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    Customer Relationships: 7 Tips for Long Term Nurturing

    February 24, 2016


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    Congratulations! Your team scored its first sale with a valuable customer. Despite all the hard work, the journey has just begun. Now the focus shifts to how you are going to keep—and grow—the customer. B2B sales and marketing typically involves a major financial investment in the product or service, as well as change management in areas like operations, governance, and processes. So there’s more at stake for the customer—and consequently for you. New customer relationships are fragile and require nurturing and maintenance. But what’s the best approach? These seven tips will help your account team demonstrate to customers that they are in the best hands:

    1. Keep it simple to start.

    Cover the basics by doing what you say you’re going to do. Nothing harms a relationship more than not delivering on your basic promise.

    2.  Show customers you care by keeping up with their changing priorities.

    This includes reading earnings call transcripts if they’re a public company, following interviews that key corporate leaders give to the press, and staying current on executive changes and major initiatives.

    3.  Continually add value by offering new and relevant information and solutions that support their changing priorities.

    Stay up on what their competition is up to, what potential legislation is swirling around that could impact their business, and the latest developments in their sector. Be your counterparts’ sounding board and even their source of new ideas to help them reach their goals and improve their standing in their organization.

    4.  Continually educate your entire team.

    You must continually educate your entire team, especially those who will come into contact with the customer at any level, on all the issues mentioned above as well as your own company’s strategy regarding this particular client. Inspire them to be experts on the customer and the industry.

    5.  Advocate for your customer.

    Fight internally to get them your best resources and talent, to meet deadlines, and to keep budgets intact.

    6.  Designate one or more executive sponsors.

    By enlisting high-level executives at your company to be your go-to and advocate for your customer, that customer gets the best you have to offer. And you have someone higher up who can further the relationship with periodic calls to his or her peer at the customer company, attend important customer meetings or executive briefings, and, importantly, step in if there are any issues.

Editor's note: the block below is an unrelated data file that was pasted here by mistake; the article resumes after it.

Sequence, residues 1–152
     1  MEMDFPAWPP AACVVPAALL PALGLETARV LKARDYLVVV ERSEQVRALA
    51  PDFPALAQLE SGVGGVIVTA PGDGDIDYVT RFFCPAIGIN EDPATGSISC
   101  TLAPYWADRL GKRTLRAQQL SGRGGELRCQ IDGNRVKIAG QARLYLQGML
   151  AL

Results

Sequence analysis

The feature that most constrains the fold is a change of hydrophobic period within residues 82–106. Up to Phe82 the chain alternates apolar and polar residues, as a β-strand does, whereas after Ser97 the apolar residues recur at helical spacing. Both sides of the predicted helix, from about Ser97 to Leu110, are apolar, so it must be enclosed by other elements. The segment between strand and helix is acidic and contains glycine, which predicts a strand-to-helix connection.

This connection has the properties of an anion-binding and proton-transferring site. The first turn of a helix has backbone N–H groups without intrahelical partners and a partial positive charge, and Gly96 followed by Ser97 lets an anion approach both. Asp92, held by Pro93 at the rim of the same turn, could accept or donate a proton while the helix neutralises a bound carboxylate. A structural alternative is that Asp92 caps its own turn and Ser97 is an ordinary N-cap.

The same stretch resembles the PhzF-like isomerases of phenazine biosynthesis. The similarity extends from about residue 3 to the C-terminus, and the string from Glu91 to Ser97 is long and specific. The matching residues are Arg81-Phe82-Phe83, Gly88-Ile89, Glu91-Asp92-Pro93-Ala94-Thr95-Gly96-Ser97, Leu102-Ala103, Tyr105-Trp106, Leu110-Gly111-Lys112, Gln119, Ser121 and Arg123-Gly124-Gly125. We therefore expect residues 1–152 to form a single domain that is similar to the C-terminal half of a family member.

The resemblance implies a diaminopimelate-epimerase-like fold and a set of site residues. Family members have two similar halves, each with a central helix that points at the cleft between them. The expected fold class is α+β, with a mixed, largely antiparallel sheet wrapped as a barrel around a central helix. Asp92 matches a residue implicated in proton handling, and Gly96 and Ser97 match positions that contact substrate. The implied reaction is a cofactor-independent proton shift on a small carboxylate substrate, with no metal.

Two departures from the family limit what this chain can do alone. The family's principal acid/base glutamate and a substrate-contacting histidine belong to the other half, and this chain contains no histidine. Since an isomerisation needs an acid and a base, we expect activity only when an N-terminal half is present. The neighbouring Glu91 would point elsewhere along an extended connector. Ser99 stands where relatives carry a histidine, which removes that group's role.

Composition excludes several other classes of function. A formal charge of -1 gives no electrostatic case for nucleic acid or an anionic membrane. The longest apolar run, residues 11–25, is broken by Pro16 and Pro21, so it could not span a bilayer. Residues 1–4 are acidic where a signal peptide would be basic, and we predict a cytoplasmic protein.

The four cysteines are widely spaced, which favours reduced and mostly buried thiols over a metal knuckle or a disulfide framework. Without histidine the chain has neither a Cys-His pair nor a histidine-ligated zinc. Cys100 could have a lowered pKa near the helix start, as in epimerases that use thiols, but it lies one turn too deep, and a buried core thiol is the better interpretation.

7.  Map out in-person touchpoints throughout the year—well in advance.

    Make sure your customer gets invited to key events designed to get them face time with your company’s executives and top talent—and give them the VIP treatment. The key here is advance planning. Given how busy these executives are, last-minute invitations that aren’t well thought out are useless.


    Yes, that initial 'yes' is a cause for celebration. But your real success is building on it in the years ahead to keep the 'yeses' coming. That’s a relationship your team must commit to nurturing. For deeper insights into what your customers are thinking, take a look at our executive profiles. We have the most in-depth profiles on Fortune 500 executives and more! To see what true executive insight looks like, take a look at our free sample profiles.

    Executive Profiles by Boardroom Insiders


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    Sharon Gillenwater

    About the Author

    Sharon Gillenwater

    Sharon Gillenwater is the founder and editor-in-chief of Boardroom Insiders, which maintains an extensive database of the most in-depth executive profiles on the market, from Fortune 500 companies to independent non-profits, to help sales and marketing professionals build deeper relationships and close more deals with clients. Gillenwater is a long-time marketing consultant with expertise in marketing strategy, account-based marketing, and CXO engagement programs.